UCLA opens football training camp with a lot of enthusiasm and hope after last season’s disappointing results

Bruins football players open training camp at the new Spaulding Field on the UCLA campus.
(Wally Skalij / Los Angeles Times)

The sun set over UCLA’s new football practice fields like an Impressionist painting Wednesday evening, arresting hues of red and blue melding with wispy clouds.

The end of the day marked the dawn of training camp and the start of what the Bruins hope is a rebirth of their winning ways under coach Jim Mora. The gloom of last season’s 4-8 record was gone as an air horn sounded to signal the start of practice, triggering exuberant yells from players as they milled about the two artificial turf fields.

It was the first of three consecutive practices slated to start at 7:15 p.m. to accommodate the class schedules of players enrolled in the summer session. A handful of fans peered over the ledge of an adjacent parking lot as players commenced the usual rites of a first practice in shorts and jersey tops without pads. Players’ family members observed from a patio on the second level of the recently opened Wasserman Football Center.

The offense manned one field and the defense the other. Defensive players completed a walk-through after lining up opposite black trash cans that doubled as offensive linemen. Defensive coordinator Tom Bradley didn’t like what he saw during one drill early in the session. “Run it again! Run it again!” Bradley yelled. “Come on, let’s go!”


Nearby, linebackers coach Scott White instructed players to wrap up a ballcarrier with their right arm and rip the ball out with their left arm. “You’ve got to have a tremendous amount of energy to get the ball!” White barked.

The energy level appeared high across the board. Defensive linemen chased a bouncing ball rolled several yards in front of them, pouncing on the target with their massive bodies. Freshman defensive end Jaelan Phillips sang along to Pearl Jam’s “Even Flow” during a break and later stood alongside fellow defensive end Rick Wade, both players pantomiming a guitarist’s windmill with such fervor that Pete Townshend would have approved.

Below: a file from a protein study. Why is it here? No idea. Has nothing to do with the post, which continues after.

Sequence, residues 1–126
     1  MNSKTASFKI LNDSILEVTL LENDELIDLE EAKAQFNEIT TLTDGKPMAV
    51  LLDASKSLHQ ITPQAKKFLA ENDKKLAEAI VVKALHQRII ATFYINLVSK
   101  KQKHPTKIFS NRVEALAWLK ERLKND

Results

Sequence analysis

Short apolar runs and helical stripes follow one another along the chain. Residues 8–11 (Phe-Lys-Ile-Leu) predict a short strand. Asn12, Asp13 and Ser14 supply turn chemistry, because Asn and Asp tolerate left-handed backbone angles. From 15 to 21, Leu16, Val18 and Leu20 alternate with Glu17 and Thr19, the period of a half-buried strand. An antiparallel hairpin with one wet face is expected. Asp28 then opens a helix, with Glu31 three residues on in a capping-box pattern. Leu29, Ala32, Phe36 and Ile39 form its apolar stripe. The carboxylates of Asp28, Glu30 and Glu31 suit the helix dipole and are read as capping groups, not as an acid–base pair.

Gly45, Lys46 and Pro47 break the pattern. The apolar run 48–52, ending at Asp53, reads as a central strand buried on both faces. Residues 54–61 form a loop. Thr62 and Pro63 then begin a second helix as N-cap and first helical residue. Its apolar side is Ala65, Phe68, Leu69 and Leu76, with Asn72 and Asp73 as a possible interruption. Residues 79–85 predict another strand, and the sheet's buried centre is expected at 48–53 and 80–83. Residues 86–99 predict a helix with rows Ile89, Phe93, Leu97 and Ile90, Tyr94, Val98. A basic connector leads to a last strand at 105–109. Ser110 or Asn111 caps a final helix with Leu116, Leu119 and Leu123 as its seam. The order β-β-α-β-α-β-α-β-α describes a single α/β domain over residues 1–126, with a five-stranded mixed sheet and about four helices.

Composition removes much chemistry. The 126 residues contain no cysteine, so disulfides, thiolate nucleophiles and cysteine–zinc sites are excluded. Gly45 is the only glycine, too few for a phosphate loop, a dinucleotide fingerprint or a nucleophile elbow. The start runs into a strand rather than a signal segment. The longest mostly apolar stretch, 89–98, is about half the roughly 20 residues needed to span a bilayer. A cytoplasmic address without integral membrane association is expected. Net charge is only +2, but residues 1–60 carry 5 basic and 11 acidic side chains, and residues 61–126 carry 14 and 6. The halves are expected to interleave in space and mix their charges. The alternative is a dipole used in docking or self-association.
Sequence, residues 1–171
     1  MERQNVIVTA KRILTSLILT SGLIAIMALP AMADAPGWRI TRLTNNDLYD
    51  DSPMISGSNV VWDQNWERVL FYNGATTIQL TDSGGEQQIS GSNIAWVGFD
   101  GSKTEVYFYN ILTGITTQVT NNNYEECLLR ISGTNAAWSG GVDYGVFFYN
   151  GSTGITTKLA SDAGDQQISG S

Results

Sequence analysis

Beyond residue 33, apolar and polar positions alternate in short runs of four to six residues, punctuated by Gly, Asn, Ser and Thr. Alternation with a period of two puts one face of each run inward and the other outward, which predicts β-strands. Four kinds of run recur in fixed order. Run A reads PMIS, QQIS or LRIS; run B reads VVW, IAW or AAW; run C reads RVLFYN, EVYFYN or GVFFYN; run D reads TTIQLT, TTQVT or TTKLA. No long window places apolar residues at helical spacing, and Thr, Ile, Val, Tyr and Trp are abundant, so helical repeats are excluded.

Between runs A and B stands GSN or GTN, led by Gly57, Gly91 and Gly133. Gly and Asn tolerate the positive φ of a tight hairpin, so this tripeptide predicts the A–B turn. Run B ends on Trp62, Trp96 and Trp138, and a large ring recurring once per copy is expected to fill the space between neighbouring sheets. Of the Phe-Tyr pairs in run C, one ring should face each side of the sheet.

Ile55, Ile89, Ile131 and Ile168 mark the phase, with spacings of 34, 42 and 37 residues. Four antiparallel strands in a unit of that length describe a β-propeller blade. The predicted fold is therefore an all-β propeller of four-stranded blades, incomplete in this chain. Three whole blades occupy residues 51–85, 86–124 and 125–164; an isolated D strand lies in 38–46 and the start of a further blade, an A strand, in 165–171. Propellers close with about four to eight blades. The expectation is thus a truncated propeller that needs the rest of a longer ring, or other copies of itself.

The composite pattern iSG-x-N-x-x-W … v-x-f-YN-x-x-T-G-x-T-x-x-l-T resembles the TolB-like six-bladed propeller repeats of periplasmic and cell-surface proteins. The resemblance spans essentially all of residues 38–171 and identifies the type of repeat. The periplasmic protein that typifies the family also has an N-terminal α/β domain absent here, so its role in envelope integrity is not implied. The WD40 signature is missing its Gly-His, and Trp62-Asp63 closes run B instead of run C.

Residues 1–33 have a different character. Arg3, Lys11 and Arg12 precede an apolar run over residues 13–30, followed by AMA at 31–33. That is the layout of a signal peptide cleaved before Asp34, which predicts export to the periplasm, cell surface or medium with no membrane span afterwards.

A view from the field of the $75-million Wasserman training facilty on the UCLA campus Wednesday.
(Wally Skalij / Los Angeles Times)

The Bruins opened camp having already created what Mora described as “a culture of accountability” in the wake of last season’s disappointment. Players held 25 practices without coaches present to master the basics of a new playbook and set the tone for what they expect from each other over the next five months.

“Guys are more serious this time,” linebacker Kenny Young said last week, “and that speaks to our mind-set going forward.”

Mora identified the offensive line as his biggest concern a month before the season opener against Texas A&M on Sept. 3 at the Rose Bowl. The arrival of 6-foot-8, 325-pound right tackle Sunny Odogwu, a graduate transfer from Miami solves multiple issues because it gives the Bruins another experienced lineman while allowing Andre James and Kenny Lacy to switch back to guard after playing tackle last season and in the spring.

James and Lacy are battling Najee Toran for the two guard spots alongside projected starters Odogwu, left tackle Kolton Miller and center Scott Quessenberry. Developing quality backups will be essential insurance against injuries; Miller missed the final seven games last season with a foot injury and his replacements struggled to protect quarterback Josh Rosen or open holes for one of the nation’s worst rushing attacks.

Fans watch football practice from parking lot 8 at the $75-million Wasserman training facilty on the UCLA campus Wednesday.
(Wally Skalij / Los Angeles Times)


Rosen’s absence for half of last season after sustaining a shoulder injury also highlighted the need for a skilled backup quarterback. The Bruins are grooming a young cast of reserves, with redshirt freshmen Devon Modster and Matt Lynch battling true freshman Austin Burton to be anointed the No. 2 quarterback. Modster appeared to hold a slight edge over his counterparts after the end of spring practice.

UCLA’s defense is widely expected to be a strength even with a handful of players having departed for the NFL. The secondary appears to be loaded with playmakers, including safety Adarius Pickett and cornerback Nate Meadors, and Phillips showed in the spring he might be a sack-happy replacement for Takkarist McKinley.

Mora recently said he liked the direction his players were headed as they attempt to rebound from what was easily the worst of his first five years in Westwood.

“Everybody’s really taken ownership for where we went and where we want to get,” Mora said. “The culture’s different, the way they talk to each other’s different, the things we’re emphasizing are a little different and our players have completely embraced it and so that gives you a sense of enthusiasm.”


The objective over the next month is slow and steady improvement, small changes leading to big things.

“Every day, we’re going to come out here and just try to get a little bit better,” Mora said. “It doesn’t matter if it’s our quarterback or the 105th guy on the roster; the goal is to come out here every day and show improvement.”

Twitter: @latbbolch